In 2012, companies like PayPal, Google and Apple made major announcements in the mobile wallets and offers space. Credit card companies were not nearly as noisy, but 2013 could be the year that all changes.

Financial institutions are embracing digital offers out of necessity because revenue from current sources is in decline. The future of the payments industry is shifting quickly to monetizing consumer relationships — particularly through mobile devices — and away from extracting new value from the payments value chain.

What many do not know is that credit card companies have experienced significant pain as a result of the capping of their lucrative interchange fees by the Durbin Amendment, which became effective in 2011. Faced with declines in what had previously been a significant form of revenue, credit card companies know that they need to open new sources of revenue. This need is becoming ever more urgent with companies like Google and Paypal joining the mix and leveraging their unique assets — novelty, retailer relationships, and extensive technology infrastructure.

The opportunity here is massive — total real-world (not online) retail commerce is $4 trillion a year in the U.S., and eMarketer just reported that mobile advertising is expected to increase by 180 percent in the coming year to reach $4 billion. Credit card companies looking to take their fair share of this revenue need to figure out how to leverage their great relationships with consumers to open up new sources of revenue.

Here are my suggestions for strategies that will help credit card companies come out ahead in 2013:

Stop chasing Chase. Instead, start acting like a media company.
To open new sources of revenue through media and technology, banks need to add new DNA that is not focused on traditional banking concerns such as regulatory compliance, security and fraud. Of course, I am not suggesting that they stop complying with regulations, or that they abandon security. But banks must become more nimble at attacking new revenue opportunities — particularly in consumer offers. At Google and other companies in Silicon Valley, teams still pull all-nighters to release alpha versions of products for consumers and partners in a matter of days to test an experience, an approach that is antithetical to the banking world. Yet if banks want to succeed in the media world, they have to figure out how at least part of their organization can play in an API-driven ecosystem that encourages collaboration and rapid product releases. First test for the C-suite at banks: Have you developed and released anything new to consumers in a single quarter?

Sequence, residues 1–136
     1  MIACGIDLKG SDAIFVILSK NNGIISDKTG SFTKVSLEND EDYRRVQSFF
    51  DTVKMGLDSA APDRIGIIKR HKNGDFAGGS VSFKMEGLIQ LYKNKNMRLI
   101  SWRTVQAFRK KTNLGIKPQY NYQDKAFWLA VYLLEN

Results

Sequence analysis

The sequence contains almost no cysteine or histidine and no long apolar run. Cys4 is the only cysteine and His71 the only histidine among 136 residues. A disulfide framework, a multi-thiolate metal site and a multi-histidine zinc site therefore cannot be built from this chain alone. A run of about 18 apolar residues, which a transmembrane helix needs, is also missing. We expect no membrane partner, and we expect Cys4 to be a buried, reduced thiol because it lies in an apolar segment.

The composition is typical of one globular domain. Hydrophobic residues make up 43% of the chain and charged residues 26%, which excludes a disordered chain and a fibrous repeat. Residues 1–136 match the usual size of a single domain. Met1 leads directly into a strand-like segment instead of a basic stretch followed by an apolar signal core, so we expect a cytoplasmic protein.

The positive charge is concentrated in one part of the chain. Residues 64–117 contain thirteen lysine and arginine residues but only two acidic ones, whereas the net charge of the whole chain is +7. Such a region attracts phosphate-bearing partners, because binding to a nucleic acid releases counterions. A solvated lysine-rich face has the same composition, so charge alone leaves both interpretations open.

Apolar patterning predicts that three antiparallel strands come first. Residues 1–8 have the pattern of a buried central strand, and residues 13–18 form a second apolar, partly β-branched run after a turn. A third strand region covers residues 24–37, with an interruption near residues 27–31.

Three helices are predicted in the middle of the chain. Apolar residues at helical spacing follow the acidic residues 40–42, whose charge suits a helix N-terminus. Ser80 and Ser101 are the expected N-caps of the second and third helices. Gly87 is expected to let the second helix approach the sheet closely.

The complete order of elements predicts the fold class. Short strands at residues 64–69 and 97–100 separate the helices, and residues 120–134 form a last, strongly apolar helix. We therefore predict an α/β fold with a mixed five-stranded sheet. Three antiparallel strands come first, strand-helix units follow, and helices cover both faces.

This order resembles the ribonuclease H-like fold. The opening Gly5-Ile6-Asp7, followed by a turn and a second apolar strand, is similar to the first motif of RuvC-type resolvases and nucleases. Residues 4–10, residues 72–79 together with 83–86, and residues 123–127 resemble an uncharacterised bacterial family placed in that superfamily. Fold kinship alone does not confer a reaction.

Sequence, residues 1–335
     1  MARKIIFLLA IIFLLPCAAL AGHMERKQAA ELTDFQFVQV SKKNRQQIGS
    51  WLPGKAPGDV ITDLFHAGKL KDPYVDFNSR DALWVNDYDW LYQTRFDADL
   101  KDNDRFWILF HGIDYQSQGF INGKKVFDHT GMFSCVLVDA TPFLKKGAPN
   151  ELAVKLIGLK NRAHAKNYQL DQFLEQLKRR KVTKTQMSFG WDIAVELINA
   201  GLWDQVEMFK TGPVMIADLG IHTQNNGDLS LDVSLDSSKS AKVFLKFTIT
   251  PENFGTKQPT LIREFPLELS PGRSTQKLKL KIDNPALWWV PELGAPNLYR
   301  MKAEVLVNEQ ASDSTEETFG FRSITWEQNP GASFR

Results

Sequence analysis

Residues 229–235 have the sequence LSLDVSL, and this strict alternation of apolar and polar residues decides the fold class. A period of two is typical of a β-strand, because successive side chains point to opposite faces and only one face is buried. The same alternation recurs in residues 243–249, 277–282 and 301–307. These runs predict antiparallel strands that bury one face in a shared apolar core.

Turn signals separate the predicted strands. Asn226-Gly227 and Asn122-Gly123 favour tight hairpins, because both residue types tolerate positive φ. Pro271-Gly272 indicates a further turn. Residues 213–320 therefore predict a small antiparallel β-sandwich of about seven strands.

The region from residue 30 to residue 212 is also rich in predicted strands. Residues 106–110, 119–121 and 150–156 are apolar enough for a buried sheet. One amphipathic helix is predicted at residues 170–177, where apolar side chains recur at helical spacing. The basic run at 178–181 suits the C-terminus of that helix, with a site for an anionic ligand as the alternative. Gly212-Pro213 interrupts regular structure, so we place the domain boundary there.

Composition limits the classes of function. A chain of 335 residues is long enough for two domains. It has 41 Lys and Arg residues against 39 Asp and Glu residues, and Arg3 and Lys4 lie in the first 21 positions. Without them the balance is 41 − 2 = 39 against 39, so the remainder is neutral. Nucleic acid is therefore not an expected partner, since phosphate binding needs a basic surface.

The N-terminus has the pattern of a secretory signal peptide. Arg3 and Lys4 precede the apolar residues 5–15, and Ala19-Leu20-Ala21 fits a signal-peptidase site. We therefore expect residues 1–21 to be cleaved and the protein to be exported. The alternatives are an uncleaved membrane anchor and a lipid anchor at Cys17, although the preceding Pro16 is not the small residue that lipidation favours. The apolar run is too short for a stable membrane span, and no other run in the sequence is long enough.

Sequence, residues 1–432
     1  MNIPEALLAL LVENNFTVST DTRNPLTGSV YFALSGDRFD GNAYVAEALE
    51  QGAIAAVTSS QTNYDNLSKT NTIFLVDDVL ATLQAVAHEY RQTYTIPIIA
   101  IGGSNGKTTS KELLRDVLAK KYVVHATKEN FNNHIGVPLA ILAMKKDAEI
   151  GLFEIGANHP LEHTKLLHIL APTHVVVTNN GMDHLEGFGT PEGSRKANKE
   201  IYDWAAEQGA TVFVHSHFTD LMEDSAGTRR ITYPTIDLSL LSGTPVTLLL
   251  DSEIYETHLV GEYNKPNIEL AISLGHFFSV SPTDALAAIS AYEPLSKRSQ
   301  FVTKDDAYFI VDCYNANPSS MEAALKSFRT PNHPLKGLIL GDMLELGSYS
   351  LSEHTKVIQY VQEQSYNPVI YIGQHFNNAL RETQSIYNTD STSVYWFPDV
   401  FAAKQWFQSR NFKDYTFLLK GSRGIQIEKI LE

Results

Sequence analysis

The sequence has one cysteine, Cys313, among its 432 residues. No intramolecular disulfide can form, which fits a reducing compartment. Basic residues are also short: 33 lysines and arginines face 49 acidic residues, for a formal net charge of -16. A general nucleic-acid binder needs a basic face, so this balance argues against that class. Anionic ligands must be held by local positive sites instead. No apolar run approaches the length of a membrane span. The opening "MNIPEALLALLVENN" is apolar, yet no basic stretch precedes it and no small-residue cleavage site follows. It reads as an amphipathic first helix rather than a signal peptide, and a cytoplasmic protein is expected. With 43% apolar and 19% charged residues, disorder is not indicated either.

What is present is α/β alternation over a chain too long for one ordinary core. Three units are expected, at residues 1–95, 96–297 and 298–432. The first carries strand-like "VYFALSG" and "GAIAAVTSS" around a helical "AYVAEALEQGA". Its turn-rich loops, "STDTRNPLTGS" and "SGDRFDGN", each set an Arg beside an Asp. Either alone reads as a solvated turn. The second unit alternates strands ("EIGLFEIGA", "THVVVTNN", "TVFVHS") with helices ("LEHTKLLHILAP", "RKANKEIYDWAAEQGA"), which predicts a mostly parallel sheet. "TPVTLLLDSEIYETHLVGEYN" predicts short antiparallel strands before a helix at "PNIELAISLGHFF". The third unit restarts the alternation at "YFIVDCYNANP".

Play ball with the competitors.
Consider the value of the ecosystem in growing your mobile offers initiative. In order to succeed in delivering a great mobile rewards program, the key is having a rich supply of merchant offers upon which to layer targeting. No one company is going to assemble enough, so think instead about collaborating with all the other players and getting the network effects of a larger audience and a bigger pool of offers. An interesting model for this kind of collaboration is WEVE in the UK, in which three mobile operators — EE,